b) This is about the same increase as would be gained by adding both organic and artificial fertiliser to the unfertilised soil. So biochar is as effective at increasing yields as heavy application of fertiliser.
c) If both biochar and two types of fertiliser are added, the yield rises to an average of about 140% of the level without any additions. Biochar therefore substantially increases the food production of land above what would be achieved either with or without added fertiliser.
d) It seems as though the most striking results are found on the poorer soils.
Full data analysis is here and in PDF form on the data page.
These results are preliminary but they show the powerful benefits that biochar might bring to food availability in many tropical soils. Getting heavy doses of char into the soil will be demanding but the great advantage of biochar may be that it only needs to be applied once and its effects persist for decades. The results from the second maize sowing of the year (to be harvested in the next few weeks) will show whether the yields improvements continue.
The implications of the research
The beneficial results from the application of biochar on degraded tropical soils are now too frequently reported to be a statistical artefact. Biochar works. The remaining opponents of biochar focus on the dangers of using native forests as the source for the combustible material. If biochar is so good at improving yields, they say, then forests will be cut down to improve soils. The Cameroon results show that this should not be the case. Here are some numbers from the experiment:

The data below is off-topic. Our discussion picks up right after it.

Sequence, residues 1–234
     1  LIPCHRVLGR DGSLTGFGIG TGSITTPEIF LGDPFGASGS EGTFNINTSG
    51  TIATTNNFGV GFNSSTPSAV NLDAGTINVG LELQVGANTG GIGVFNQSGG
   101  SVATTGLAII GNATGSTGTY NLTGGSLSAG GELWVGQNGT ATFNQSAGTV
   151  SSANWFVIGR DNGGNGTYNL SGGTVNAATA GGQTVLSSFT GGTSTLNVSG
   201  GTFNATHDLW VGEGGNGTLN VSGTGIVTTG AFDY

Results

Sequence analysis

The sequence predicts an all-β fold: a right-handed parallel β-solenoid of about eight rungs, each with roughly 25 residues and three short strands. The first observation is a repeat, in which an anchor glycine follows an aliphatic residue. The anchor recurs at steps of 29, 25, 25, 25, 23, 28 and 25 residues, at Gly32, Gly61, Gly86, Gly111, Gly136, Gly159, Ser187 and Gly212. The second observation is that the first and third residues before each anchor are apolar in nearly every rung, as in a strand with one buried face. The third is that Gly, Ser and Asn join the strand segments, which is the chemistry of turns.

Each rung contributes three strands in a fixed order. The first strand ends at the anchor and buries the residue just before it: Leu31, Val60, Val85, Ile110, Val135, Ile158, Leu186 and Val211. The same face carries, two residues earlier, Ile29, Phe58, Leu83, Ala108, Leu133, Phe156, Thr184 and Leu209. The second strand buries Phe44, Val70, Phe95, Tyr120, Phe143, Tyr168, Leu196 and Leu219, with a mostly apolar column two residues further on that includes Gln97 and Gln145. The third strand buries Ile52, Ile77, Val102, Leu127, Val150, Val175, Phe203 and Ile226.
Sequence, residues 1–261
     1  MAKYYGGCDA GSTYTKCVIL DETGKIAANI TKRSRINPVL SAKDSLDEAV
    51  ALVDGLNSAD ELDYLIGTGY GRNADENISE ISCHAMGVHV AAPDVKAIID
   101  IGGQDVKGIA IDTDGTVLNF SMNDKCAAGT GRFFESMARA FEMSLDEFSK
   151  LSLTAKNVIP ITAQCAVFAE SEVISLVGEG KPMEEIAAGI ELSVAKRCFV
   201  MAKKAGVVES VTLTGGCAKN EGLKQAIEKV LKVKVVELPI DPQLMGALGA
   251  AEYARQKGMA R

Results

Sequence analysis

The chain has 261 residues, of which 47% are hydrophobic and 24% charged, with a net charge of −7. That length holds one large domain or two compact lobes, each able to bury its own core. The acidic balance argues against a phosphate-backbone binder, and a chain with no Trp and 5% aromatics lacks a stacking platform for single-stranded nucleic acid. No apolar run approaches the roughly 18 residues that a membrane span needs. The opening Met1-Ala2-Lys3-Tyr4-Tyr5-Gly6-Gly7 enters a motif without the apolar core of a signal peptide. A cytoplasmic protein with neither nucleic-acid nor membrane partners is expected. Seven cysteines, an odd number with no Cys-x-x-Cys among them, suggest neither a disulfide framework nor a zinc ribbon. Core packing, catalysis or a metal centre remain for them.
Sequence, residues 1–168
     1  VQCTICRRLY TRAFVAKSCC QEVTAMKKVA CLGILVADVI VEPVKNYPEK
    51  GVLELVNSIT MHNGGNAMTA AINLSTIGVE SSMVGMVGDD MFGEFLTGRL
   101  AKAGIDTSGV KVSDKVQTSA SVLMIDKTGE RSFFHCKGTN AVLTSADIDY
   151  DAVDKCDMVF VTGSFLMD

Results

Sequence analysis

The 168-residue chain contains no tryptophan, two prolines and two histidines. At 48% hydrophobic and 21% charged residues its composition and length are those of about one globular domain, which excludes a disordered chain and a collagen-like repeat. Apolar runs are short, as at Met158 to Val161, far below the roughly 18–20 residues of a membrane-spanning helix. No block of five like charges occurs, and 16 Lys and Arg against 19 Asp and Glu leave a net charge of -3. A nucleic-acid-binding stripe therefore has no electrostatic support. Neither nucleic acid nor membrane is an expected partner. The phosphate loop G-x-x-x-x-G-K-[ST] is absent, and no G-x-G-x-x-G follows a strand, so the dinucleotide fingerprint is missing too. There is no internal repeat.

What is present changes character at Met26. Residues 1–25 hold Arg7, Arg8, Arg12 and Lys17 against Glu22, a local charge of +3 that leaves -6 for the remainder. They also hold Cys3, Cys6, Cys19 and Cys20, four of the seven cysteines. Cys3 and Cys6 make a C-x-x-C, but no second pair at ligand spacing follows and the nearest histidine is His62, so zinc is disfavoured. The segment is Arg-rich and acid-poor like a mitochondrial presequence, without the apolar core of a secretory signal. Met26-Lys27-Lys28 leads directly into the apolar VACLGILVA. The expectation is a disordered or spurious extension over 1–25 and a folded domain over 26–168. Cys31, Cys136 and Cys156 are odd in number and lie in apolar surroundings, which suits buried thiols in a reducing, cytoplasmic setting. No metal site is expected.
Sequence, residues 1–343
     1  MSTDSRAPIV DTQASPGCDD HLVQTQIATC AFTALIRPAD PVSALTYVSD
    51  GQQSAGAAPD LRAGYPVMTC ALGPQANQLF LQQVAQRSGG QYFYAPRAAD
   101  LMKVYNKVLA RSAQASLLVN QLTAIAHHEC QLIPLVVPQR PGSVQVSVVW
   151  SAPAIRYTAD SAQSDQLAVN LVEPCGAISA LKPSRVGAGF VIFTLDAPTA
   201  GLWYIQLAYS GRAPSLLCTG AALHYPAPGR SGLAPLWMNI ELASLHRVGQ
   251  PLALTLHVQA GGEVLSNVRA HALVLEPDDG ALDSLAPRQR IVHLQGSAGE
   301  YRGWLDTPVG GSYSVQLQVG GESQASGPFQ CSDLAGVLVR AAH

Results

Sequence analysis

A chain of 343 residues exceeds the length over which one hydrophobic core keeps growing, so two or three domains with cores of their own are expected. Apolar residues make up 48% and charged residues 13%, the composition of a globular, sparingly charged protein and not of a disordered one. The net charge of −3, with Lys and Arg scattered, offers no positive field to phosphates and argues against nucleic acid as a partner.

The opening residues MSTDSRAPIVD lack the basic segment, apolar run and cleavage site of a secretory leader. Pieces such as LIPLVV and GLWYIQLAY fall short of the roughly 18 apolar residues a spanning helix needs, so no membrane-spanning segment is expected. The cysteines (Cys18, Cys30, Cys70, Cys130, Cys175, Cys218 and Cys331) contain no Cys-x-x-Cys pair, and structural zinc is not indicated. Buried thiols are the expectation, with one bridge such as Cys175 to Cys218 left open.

Applied at 10 tonnes a hectare, biochar added about 4.5 tonnes a hectare to the total biomass, excluding the food grains, of unfertilised land.
One tonne of organic matter will typically produce about one third weight of biochar - say 1.5 tonnes a hectare.
So the weight of biochar added to the soil (10 tonnes/ha) will be repaid in increased biomass production (not just food) within about 6-7 years.
Therefore, if one seventh of the land has biochar added for seven years the net biomass availability by the end of this period will be higher, prospectively for ever if biochar permanently increases yields.
There should therefore be very limited pressure to cut down forests to make biochar - biochar can be made from the incremental biomass produced on the land to which it has been applied.
This conclusion would be even stronger if we took into account the fact that some areas, such as parts of Cameroon, can produce two crops a year. Payback would be twice as quick.
The most important result from this remarkable experiment in Cameroon may be that it lays to rest the worry that biochar will exacerbate deforestation. In fact, by increasing biomass production biochar should reduce the need to cut down trees for fuel.
If I may give a personal view, I think these research projects are among the most important in the world today.
Originally published on Carbon Commentary
Chris Goodall is the author of Ten Technologies to Save the Planet, listed as one of the Financial Times Science Books of the Year 2008.
He is a columnist for the Independent on Sunday and the Guardian, regularly delivers talks and presentations on climate change issues, and provides consulting advice to businesses and other institutions.